Life, Death & Stories: The Wisdom of our Elders
My neighbour Ken loves to tell stories, and they’re never short, and I’m often too busy to give him time or listening. Yesterday I saw him in the front yard putting out his bins.
He’s in his 70’s and not moving as well as he did when he was younger, working a cane farm in northern Queensland. I walked over and helped him put them on the curb, then asked how he was… And I’ll admit, it wasn’t a genuine enquiry, it was more of a habitual supermarket how are you.
“Well, we’ve been busy. My sister died you see, so we had to fly up for her funeral.”
“Oh no, I’m so sorry to hear that Ken, that’s really sad.”
“Well, she was 83, she’d had a good life.”
He said it with the kindest, most accepting smile. And I could see it wasn't a happy-face façade; it was real and peaceful.
I’m mostly flittering from one thing to another and generally don’t have more than a couple of minutes to listen to Ken’s stories, but this time I stopped and settled in for what I knew was going to be a long one.
After a bit more chat about his sister’s life, he went on to his brother.
His brother was also dead.
He’d gone into hospital and never come out. He was a heavy drinker who'd developed a stomach ulcer, was admitted to hospital and died there.
And a Taipan got his father, but that’s not what killed him.
“He was waist deep in long grass and luckily it got him on the shinbone so the snake couldn’t get much of its venom into him. Saved his life. He got on his tractor and drove himself back to the house. We tied a tourniquet around his leg and bled the wound. That’s what you did in those days. Then Mum and my sister put him in the back of the car and started driving him to the nearest hospital. I went ahead to the neighbour’s phone, which was five kilometres away, to call for an ambulance. Dad didn’t have the snake with him so they gave him three antivenins to be on the safe side. Dad shook that hospital bed right over to the other side of the room, but he pulled through."
It was the car accident that killed him.
“I was on the tractor with Katherine (his daughter). I heard the crash and drove over as fast as I could. I tried to talk to Dad. His eyes were open and he was still breathing, but he wasn’t really responding. I tried to get him out, but a bit of metal from the front of the car had pierced him through his hip and into his stomach. It was when the Springboks were touring Australia and there were riots in Brisbane. You remember?”
I didn’t. I looked it up afterwards, he was referring to the South African rugby team's Australian tour in 1971 (I was born in 1976). There were protests from anti-apartheid groups, described by some as Bloody Mayhem.
“Well there was a group of police on their way down to Brisbane and they sorted it all out no worries.”
“The accident you mean?”
“Yes, they said there was nothing that could have been done. A major artery had been severed and there was no way we could have stopped the blood loss. Even if I’d been there as soon as it happened. It was one in a million they said.”
“Oh wow, so you were first on the scene at your father’s death?”
“Yes that’s right.”
“Was that traumatic for you?”
“Well, it wasn’t good, I was okay. It might have been for Katherine though. She was only three at the time.”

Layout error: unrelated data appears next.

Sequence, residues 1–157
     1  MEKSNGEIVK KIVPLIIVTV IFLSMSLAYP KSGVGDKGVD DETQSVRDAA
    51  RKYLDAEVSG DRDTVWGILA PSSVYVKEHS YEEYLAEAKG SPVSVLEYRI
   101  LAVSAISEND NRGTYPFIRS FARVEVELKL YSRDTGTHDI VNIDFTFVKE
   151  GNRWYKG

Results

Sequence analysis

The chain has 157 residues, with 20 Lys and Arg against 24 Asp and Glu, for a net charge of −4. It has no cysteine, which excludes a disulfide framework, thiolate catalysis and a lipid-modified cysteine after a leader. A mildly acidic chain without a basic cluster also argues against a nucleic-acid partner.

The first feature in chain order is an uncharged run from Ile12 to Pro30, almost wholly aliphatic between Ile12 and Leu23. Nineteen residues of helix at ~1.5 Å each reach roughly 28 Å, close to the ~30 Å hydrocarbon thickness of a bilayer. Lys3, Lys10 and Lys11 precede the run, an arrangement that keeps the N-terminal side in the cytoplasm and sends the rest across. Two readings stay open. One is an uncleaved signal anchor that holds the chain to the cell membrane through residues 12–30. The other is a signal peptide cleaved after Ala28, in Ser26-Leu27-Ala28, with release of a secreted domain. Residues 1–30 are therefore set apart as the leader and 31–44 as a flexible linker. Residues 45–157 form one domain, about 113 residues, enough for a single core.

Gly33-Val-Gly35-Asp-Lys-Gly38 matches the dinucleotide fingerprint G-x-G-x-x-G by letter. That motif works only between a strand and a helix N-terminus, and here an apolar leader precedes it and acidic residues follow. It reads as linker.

“Does she remember it?”
“I don’t know, I haven’t asked her.”
“Far out, that is an amazing story. So your parents are gone, and your siblings, which makes you the last man standing.”
He chuckled and looked kind of proud, “Yes, I suppose it does.”
Ken told me all this while leaning on one of the bins, to take the weight of his sore knees. And the whole time he seemed happy, peaceful and almost playful. As though telling these stories, and the pleasure of having someone to listen to them far outweighed the sadness of death.
I asked him if any of the deaths changed his view of life.
“Oh well, no, not really. It’s just life isn’t it? We’re all going to die after all. And that’s just the way it is.”
There was nothing at all defeatist about his response. It was said with the same peaceful smile that he wore while telling the rest of his stories.
I remember the day of my grandma's funeral, I was in pieces, trying desperately to hold myself together. My great aunt greeted me, and as a reaction to my emotional state she attempted to console me by telling me it was better this way, and that she lived a good life.
It didn’t console me at all. I wondered how she could really think that?
I'm a rookie when it comes to death and grieving. Four years on, I’ve developed some perspective and I can see that she was right, and that she had said it with the same wise smile that Ken was telling his death stories with.
There is vast wisdom that can't be found in books and universities. It comes instead from doing the time. And the only ones who know it are our elders, who've walked the path ahead.
And when we can slow down enough to listen, and drop our obsession with youth, they'll tell us stories.
Make time for the elders in your family and community. They will tell you things you'll need to know. Youth doesn't last, beauty fades and death is a definite.
True wisdom is accepting these as facts, and allowing them to become less important than the simple joys contained in small moments of connection and togetherness along the way.